Bogotá BRT pioneer
Posted on 01 March 2012
Rapid transit to sustainable urban development
Rapid transit to sustainable urban developmentBogotá is practically iconic, a poster child for sustainable transport, due to its smart use of a Bus Rapid Transit system. The city radically improved public safety, greenspace, housing, transport, air quality, and education, during a 3-year term of office of mayor Enrique Peñalosa, elected as an independent in 1998. Among Peñalosa’s main integrating concepts were the visions of equality and child-friendliness.
Keywords: child-friendliness, visionary leadership, Bus Rapid Transit, land bank, car-free
While conventional wisdom supposes sustainability takes time, former Bogotá mayor Enrique Peñalosa made great strides in a concentrated space of time. Peñalosa rejected a proposed city beltway, and began building a 300+ km bicycle network instead. He used saved and remediated land for parks, playgrounds, libraries, schools, and sports areas. To solve transportation bottlenecks, the city began limiting car-use with a number-plate regulation, and set up a high-capacity BRT system (TransMilenio Bus Rapid Transit). Each week on Sunday and on other holidays, more than 100 km of roadways are closed to motorised traffic, and once a year the entire city (nearly 30,000 ha) goes car-free, a celebration that has been made permanent via a referendum.
The first BRT was built by Curitiba in 1974, but TransMilenio popularised the concept, and it has spread to dozens of cities since, not least in developing countries. The BRT's of Curitiba and Bogota are still the largest in the world, with up to 2 million passengers per day (see also Curitiba and Guangzhou).
Public health benefits
Air quality has improved significantly. There have been large reductions in sulphur dioxide and particulate matter, and some reductions in nitrogen dioxide (see also Amsterdam and Vitoria-Gasteiz). This is attributed to reduced car-use, reduced distance travelled, and emissions controls on cars. Traffic-related deaths and injuries dropped steeply, especially in city areas where the BRT system is implemented. In the city as a whole, traffic deaths dropped from over 1,300 per year in 1995 to under 700 in 2002. Bogotá has also reduced its murder rate by two-thirds. In its centre, where murder rates were the highest in the world, Bogotá created a 23 hectare park, demolished more than 600 buildings, and created pedestrian-friendly streets leading to high-quality, protected urban spaces (see also Portland).
The TransMilenio BRT
A key Peñalosa innovation was to use money saved on roads to invest not only in the TransMilenio but also in bicycling infrastructure, land remediation, dozens of new schools, libraries, and early-childhood day-care centres, and more than 1,000 parks and playgrounds. Bogotá had urbanised rapidly, with nearly 50% of its built environment illegally established, often lacking basic services (e.g. water, sewage) and on precarious ground, such as steep hillsides. Peñalosa’s administration conducted large-scale slum upgrading and legalisation and created a land bank company (Metrovivienda) to enable controlled and high quality urban development.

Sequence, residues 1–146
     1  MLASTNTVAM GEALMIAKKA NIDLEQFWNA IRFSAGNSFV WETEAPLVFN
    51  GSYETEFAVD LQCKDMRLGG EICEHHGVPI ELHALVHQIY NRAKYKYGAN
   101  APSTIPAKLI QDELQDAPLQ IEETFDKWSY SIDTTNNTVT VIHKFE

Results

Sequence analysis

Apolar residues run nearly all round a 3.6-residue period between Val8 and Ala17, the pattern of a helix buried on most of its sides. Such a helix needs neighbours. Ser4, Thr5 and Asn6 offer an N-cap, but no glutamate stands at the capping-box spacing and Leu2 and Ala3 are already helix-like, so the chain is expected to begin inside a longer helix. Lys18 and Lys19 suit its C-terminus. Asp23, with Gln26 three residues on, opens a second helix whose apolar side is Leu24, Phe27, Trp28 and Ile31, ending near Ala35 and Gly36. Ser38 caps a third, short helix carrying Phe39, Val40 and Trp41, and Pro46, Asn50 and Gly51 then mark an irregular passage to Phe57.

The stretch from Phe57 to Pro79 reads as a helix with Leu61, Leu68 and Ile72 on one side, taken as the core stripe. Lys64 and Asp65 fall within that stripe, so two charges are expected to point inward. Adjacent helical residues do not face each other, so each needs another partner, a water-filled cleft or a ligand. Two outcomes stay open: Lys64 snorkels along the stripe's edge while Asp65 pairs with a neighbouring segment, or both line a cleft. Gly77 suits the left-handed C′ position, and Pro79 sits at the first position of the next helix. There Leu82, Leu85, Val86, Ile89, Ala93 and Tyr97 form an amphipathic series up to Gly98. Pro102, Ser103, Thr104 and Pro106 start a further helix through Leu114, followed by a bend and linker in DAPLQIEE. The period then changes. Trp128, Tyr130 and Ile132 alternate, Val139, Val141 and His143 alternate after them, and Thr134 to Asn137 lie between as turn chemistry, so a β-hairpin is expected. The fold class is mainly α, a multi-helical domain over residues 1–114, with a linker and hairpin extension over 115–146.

Visionary leadership and integrated understanding were key to the transformation of Bogota (see also Seoul). In most of Peñalosa's initiatives, the same basic work can be seen: taking chaotic and dangerous urban spaces, like – crime-infested plazas, traffic-congested roads, slums, degraded land, and sidewalks blocked by parked cars, are – and converting them to more people-friendly places.
Peñalosa has become a global ambassador for sustainable urban development. Integrating multiple solutions around concepts like child-friendliness, equality, revitalisation, human dignity and hope is a key that Peñalosa has been bringing to cities around the world. Consistent with this is the combination of climate-change mitigation with raising quality of life for urban residents.
In Bogotá, however, Peñalosa's legacy is uncertain. Peñalosa lost his re-election bid to a candidate who promised voters an underground metro system, yet while the metro has not materialised, increasing prosperity in Colombia has boosted car-ownership. Bogotá's leadership is promising expanded car infrastructure, like elevated highways and parking places, at a level comparable to cities like Mexico City, Los Angeles and Detroit.
Ando Despacio, 2008, “Bogota: edging back from the brink”, Sustainable Transport, Winter, Nr 20, http://www.itdp.org/documents/st_magazine/ITDP-ST_Magazine-%20V%2020.pdf
Enrique Peñalosa, 2011, “A City Talks: Learning from Bogotá’s Revitalisation”, Architectural Design, 81: 90–95
Lloyd Wright, Ricardo Montezuma, 2004, “Reclaiming public space: The economic, environmental, and social impacts of Bogotá’s transformation”, Walk21-V Cities for People, The Fifth International Conference on Walking in the 21st Century, June 9-11 2004, Copenhagen, Denmark, www.citiesforpeople.dk; www.walk21.com
Institute for Transportation and Development Policy (ITDP), 2003, “Enrique Peñalosa Inspires Change Across Africa”, http://www.itdp.org/news/penalosa-inspires-africa/
Michael Replogle (transportation director, Environmental Defense), 2006, “Opinion: What dynamic local leaders can teach us about environmental stewardship”, http://www.itdp.org/news/local-leaders-teach-stewardship/
New York Public Radio (WNYC), 2006, “Bikes Connecting Bogotá and the South Bronx”, http://www.itdp.org/news/bikes-bogota-south-bronx/
Key data are retrieved from the UN World Urbanization Prospects: The 2011 Revision, http://esa.un.org/unup/unup/index_panel2.html
Text by: Aaron Thomas